It’s that time of year: performance and compensation reviews. The good news: More companies are planning to give pay raises that are bigger than 3% this year. The bad: The average raise is not really that high, all things considered.
Forty-four percent of companies plan to raise worker pay by more than 3%, according to Payscale’s 2022 Compensation Best Practices Report (CBPR). That’s the highest rate of companies giving more than 3% pay raises in six years. But it still leaves many workers with fairly paltry increases when the dramatic rise in prices over much of the past year is factored in.
In fact, about 85% of companies tell Payscale they are worried about inflation, but most aren’t giving pay increases to match it. Last month the annual inflation rate hit 7.5%, according to the latest consumer price index.
The increasing number of employers dipping deeper into their coffers comes at a time when many are facing worker shortages and high turnover. Last year, nearly half of companies reported the volume of employees quitting was higher than in previous years, according to Payscale, a compensation software and data company. Roughly three out of four companies say they’ve had trouble recruiting to fill those job openings.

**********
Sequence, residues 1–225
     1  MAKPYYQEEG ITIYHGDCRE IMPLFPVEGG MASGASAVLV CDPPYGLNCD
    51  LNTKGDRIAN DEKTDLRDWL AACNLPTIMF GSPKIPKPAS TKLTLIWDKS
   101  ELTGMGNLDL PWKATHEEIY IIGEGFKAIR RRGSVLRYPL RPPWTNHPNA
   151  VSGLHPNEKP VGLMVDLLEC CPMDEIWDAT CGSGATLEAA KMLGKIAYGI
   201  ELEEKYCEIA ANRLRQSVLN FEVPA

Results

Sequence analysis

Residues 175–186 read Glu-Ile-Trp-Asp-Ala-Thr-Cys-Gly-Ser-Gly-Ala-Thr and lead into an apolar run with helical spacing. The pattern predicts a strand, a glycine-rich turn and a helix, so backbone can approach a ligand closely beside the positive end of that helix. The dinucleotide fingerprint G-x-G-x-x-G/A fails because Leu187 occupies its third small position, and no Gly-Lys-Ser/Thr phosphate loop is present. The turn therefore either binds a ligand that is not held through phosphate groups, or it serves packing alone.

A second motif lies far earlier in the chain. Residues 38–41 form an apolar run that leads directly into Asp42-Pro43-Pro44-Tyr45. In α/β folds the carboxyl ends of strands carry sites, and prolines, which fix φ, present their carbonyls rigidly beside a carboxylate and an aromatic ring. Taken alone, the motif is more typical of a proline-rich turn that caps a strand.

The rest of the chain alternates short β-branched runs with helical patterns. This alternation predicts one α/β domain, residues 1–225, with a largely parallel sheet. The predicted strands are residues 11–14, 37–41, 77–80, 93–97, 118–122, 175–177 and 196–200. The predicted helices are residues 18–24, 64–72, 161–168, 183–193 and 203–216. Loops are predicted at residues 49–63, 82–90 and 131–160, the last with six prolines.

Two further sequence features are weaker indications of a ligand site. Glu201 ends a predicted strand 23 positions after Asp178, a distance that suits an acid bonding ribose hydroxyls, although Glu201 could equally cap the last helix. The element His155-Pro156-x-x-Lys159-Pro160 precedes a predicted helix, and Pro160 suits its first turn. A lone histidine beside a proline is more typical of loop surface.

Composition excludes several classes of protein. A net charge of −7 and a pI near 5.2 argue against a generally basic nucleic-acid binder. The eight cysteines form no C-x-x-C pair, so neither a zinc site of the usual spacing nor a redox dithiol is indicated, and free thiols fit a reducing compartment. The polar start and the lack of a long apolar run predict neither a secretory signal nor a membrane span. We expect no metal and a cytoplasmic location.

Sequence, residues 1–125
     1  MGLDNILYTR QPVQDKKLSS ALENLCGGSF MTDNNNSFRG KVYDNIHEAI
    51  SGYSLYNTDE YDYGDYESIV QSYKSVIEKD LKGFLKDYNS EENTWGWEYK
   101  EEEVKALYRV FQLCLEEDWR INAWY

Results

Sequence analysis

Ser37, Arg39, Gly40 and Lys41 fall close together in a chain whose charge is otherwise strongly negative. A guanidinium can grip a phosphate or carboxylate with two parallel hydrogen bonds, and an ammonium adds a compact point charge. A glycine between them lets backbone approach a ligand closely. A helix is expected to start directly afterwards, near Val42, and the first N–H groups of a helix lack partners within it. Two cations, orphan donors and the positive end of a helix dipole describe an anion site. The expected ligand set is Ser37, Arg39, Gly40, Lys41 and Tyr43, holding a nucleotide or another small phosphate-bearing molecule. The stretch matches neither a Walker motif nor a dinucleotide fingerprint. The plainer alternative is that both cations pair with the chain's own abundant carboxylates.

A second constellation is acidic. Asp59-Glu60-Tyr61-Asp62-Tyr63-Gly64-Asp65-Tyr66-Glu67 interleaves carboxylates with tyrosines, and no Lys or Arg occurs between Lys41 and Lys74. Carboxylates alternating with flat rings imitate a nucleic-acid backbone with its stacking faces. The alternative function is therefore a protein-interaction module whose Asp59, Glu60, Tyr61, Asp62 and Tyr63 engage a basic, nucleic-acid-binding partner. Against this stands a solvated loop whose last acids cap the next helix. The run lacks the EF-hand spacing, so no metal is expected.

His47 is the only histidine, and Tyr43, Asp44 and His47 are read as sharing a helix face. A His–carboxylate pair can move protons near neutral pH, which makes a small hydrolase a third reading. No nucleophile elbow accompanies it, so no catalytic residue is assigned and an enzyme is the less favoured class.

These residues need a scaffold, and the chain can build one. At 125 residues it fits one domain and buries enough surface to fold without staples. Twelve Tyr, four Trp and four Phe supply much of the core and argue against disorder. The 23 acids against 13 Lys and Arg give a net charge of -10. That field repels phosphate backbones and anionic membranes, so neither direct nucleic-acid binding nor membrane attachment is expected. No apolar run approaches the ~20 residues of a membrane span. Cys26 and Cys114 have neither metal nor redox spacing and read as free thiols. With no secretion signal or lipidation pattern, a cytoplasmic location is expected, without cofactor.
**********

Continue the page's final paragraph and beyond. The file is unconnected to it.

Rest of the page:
“The lasting impact of the pandemic on the labor market has shown us that when it comes to pay, employers are scrambling to figure out what to offer new hires and how to structure salary increases to retain their current workforce,” Shelly Holt, chief people officer at Payscale, said in a statement.
Yet Holt says companies should look at their compensation strategies holistically. It doesn’t just mean pay increases. Nearly two-thirds of employers surveyed by Payscale provided individual bonuses, and 59% awarded company performance bonuses in 2021.
Nearly half of companies provided hiring bonuses and spot bonuses last year, according to Payscale. And on the recruitment side of things, 55% had some type of employee referral bonus program in place.
Companies also adjusted their 2022 benefits, with about a quarter more employers offering remote work options. A total of 65% of companies surveyed offer this option for workers now. Nearly one in 10 companies even offers a four-day workweek.
“What matters most to employees overwhelmingly includes things that enhance their lives, from better benefits that account for both physical and mental health to workplace flexibility and remote work,” she says.
This story was originally featured on Fortune.com